- If an overseas trip is undertaken to carry out book research and then a few days’ holiday are enjoyed at the end of the trip, the travelling cost is allowable in full, but the accommodation costs need to be apportioned to exclude the private element.
- If you go on holiday and book ideas and book research crop up, no part of the travelling and accommodation expenditure can be claimed, except for incidental local costs incurred on the book project.
- Food and drink costs while you are away from home (in the UK or abroad) has to be reasonable and cannot include entertaining expenses.
There are two ways of calculating driving expenses. Firstly, the actual running costs can be calculated to include fuel, repairs, servicing, insurance, road tax, financing or leasing costs, and these can then be apportioned according to the business mileage as a percentage of the total mileage. A claim can be added for items such as parking, road tolls and depreciation (capital allowances).
Secondly, it’s possible to claim a mileage allowance. Business mileage needs to be logged and then claimed at 45p per mile for the first 10,000 miles and 25p thereafter. It is also possible to claim finance charges, parking and road tolls.
Use of the mileage allowance is not available to if your turnover exceeds the VAT registration limit in the year the car is purchased. Once the method to be used has been chosen, this must be used each year until the car is changed.
Clothing and appearance
Not a great deal can be claimed under this heading, particularly as clothes are generally not allowable, except for unusual items such as uniforms, protective clothing etc. However, claims for makeup and hairdressing for television appearances etc. are generally acceptable.
There are number of more routine expenses that are usually allowable, including:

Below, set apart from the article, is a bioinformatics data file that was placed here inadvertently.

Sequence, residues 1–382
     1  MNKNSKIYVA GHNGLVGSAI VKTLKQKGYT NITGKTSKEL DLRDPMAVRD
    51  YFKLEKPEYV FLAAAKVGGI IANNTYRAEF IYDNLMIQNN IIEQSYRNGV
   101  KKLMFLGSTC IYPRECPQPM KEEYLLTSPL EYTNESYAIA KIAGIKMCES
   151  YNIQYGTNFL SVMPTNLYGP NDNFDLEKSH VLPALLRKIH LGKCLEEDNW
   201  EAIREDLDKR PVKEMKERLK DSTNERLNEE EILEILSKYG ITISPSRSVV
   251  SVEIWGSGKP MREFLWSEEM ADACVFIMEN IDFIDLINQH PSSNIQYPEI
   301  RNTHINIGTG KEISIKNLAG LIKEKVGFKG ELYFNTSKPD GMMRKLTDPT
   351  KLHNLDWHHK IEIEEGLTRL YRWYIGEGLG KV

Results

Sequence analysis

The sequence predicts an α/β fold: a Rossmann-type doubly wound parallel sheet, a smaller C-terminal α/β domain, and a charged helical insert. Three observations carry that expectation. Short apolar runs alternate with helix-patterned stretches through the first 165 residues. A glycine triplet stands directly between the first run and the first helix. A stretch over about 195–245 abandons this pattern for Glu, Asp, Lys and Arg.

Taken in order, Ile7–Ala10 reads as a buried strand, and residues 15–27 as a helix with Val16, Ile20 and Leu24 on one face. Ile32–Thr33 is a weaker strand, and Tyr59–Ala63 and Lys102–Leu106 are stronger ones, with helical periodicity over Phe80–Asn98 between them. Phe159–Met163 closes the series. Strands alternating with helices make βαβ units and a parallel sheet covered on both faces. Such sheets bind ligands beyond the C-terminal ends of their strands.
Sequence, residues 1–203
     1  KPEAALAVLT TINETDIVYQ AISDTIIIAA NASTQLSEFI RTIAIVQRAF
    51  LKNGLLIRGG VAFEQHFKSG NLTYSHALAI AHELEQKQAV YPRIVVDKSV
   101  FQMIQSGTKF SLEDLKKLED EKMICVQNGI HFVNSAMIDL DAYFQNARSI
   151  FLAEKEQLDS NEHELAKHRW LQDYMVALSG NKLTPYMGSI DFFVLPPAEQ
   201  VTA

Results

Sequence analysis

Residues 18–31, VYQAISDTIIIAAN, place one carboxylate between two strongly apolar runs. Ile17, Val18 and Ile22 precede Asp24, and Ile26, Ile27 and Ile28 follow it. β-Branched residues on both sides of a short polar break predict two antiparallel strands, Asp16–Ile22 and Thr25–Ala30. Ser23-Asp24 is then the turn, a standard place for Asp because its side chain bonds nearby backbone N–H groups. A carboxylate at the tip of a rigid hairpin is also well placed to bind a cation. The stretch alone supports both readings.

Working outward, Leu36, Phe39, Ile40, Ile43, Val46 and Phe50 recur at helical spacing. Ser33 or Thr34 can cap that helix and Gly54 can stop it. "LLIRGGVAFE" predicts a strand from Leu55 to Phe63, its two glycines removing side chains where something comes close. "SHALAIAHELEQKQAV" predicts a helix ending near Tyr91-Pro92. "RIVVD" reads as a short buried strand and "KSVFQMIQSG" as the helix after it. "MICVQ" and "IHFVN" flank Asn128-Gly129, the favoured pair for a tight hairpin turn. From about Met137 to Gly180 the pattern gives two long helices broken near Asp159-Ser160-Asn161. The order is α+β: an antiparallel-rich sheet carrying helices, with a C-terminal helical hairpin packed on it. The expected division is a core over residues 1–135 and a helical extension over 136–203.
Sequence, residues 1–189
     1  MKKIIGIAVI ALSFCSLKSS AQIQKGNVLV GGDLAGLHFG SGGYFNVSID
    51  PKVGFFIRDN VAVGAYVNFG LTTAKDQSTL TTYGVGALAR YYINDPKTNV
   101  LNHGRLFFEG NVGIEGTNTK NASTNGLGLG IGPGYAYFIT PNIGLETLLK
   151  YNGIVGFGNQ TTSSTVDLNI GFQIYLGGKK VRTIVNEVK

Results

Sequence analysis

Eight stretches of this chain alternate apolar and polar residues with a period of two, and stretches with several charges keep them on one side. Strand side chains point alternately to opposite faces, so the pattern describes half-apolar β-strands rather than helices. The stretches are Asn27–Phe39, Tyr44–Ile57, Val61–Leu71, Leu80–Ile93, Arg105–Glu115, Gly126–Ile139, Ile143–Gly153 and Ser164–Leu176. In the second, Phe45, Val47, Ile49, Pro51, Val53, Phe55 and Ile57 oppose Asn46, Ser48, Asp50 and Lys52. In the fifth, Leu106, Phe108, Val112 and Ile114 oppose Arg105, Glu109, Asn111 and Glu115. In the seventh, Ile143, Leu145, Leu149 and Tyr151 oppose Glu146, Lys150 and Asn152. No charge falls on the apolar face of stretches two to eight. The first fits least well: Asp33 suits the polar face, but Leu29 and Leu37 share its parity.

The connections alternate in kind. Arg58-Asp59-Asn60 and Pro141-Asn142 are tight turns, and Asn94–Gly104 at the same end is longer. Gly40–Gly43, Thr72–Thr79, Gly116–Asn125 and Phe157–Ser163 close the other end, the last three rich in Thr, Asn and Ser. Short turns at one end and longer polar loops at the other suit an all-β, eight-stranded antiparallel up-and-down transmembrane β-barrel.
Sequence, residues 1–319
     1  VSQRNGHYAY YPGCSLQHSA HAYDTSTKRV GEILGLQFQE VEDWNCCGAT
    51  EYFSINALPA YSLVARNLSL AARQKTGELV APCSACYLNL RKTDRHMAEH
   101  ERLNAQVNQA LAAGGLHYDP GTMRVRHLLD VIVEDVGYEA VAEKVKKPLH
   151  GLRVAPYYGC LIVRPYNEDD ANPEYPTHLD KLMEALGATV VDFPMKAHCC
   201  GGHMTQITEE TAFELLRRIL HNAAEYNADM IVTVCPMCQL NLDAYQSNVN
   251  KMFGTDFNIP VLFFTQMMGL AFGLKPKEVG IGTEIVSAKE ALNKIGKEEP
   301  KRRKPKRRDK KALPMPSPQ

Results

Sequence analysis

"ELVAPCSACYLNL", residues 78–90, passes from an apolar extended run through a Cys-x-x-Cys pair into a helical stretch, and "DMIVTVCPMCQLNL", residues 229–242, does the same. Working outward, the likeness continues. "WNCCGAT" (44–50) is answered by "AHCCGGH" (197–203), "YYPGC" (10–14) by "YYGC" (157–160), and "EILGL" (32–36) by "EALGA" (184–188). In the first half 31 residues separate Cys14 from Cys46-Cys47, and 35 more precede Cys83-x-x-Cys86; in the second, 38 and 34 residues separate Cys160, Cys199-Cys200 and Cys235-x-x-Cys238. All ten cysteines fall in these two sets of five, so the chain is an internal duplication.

- Computer expenses
- Theatre and cinema tickets
- Reference books, CDs, journals, newspapers
- Courses and conferences
- Repairs and maintenance
- Accountancy and other professional fees
- Capital allowances
Don’t forget that record keeping is important
HMRC asks that records are kept of all expenses. Receipts are not a legal requirement, but it is advisable to keep as many as possible. Annotated bank statements and credit card statements are acceptable. I often suggest to clients that it is helpful to keep a diary as a non-financial confirmation of professional activities during the year. This is often particularly useful in supporting expenses being queried in HMRC enquiries.
About HW Fisher
HW Fisher is a top 25 UK chartered accountancy firm. We are proud to work with a wide variety of creatives, including authors, journalists, playwrights, actors, vloggers, film directors, comedians, poets, record companies, concert organisers, composers, agents, publishers, advertising agents and PR consultants.
Whatever stage you are at in your career, we can offer specialist advice to help reduce your tax burden and meet your financial goals.
If you have any questions on the above, we are always happy to offer a free consultation. Please get in touch – email@example.com